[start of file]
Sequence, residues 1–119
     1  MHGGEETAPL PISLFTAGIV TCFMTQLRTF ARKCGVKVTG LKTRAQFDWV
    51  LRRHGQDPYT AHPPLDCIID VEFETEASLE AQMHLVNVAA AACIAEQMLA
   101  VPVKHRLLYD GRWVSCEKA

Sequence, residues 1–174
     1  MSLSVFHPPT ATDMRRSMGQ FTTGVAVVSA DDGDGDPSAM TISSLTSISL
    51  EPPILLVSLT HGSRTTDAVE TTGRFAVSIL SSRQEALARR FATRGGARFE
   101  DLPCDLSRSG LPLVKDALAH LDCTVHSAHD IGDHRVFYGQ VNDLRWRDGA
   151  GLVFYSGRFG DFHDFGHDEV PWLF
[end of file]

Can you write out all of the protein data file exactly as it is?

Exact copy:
Sequence, residues 1–119
     1  MHGGEETAPL PISLFTAGIV TCFMTQLRTF ARKCGVKVTG LKTRAQFDWV
    51  LRRHGQDPYT AHPPLDCIID VEFETEASLE AQMHLVNVAA AACIAEQMLA
   101  VPVKHRLLYD GRWVSCEKA

Sequence, residues 1–174
     1  MSLSVFHPPT ATDMRRSMGQ FTTGVAVVSA DDGDGDPSAM TISSLTSISL
    51  EPPILLVSLT HGSRTTDAVE TTGRFAVSIL SSRQEALARR FATRGGARFE
   101  DLPCDLSRSG LPLVKDALAH LDCTVHSAHD IGDHRVFYGQ VNDLRWRDGA
   151  GLVFYSGRFG DFHDFGHDEV PWLF